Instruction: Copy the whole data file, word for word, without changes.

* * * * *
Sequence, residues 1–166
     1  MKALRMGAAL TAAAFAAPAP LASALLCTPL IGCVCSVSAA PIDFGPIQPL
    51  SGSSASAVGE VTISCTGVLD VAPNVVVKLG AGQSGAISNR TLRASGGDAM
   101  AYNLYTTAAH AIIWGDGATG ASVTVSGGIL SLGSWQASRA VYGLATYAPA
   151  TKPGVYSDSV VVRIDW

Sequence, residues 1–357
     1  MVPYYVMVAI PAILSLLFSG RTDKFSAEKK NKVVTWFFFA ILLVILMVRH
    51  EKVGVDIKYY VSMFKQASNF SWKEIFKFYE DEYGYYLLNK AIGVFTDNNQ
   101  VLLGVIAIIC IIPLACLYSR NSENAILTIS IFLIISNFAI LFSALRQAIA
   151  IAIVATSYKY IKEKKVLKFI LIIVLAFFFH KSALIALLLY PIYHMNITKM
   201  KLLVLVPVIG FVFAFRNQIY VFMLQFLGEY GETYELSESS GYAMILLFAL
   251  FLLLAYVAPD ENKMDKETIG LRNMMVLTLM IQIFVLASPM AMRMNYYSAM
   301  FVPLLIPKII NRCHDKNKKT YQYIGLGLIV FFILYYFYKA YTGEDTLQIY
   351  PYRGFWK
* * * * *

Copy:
Sequence, residues 1–166
     1  MKALRMGAAL TAAAFAAPAP LASALLCTPL IGCVCSVSAA PIDFGPIQPL
    51  SGSSASAVGE VTISCTGVLD VAPNVVVKLG AGQSGAISNR TLRASGGDAM
   101  AYNLYTTAAH AIIWGDGATG ASVTVSGGIL SLGSWQASRA VYGLATYAPA
   151  TKPGVYSDSV VVRIDW

Sequence, residues 1–357
     1  MVPYYVMVAI PAILSLLFSG RTDKFSAEKK NKVVTWFFFA ILLVILMVRH
    51  EKVGVDIKYY VSMFKQASNF SWKEIFKFYE DEYGYYLLNK AIGVFTDNNQ
   101  VLLGVIAIIC IIPLACLYSR NSENAILTIS IFLIISNFAI LFSALRQAIA
   151  IAIVATSYKY IKEKKVLKFI LIIVLAFFFH KSALIALLLY PIYHMNITKM
   201  KLLVLVPVIG FVFAFRNQIY VFMLQFLGEY GETYELSESS GYAMILLFAL
   251  FLLLAYVAPD ENKMDKETIG LRNMMVLTLM IQIFVLASPM AMRMNYYSAM
   301  FVPLLIPKII NRCHDKNKKT YQYIGLGLIV FFILYYFYKA YTGEDTLQIY
   351  PYRGFWK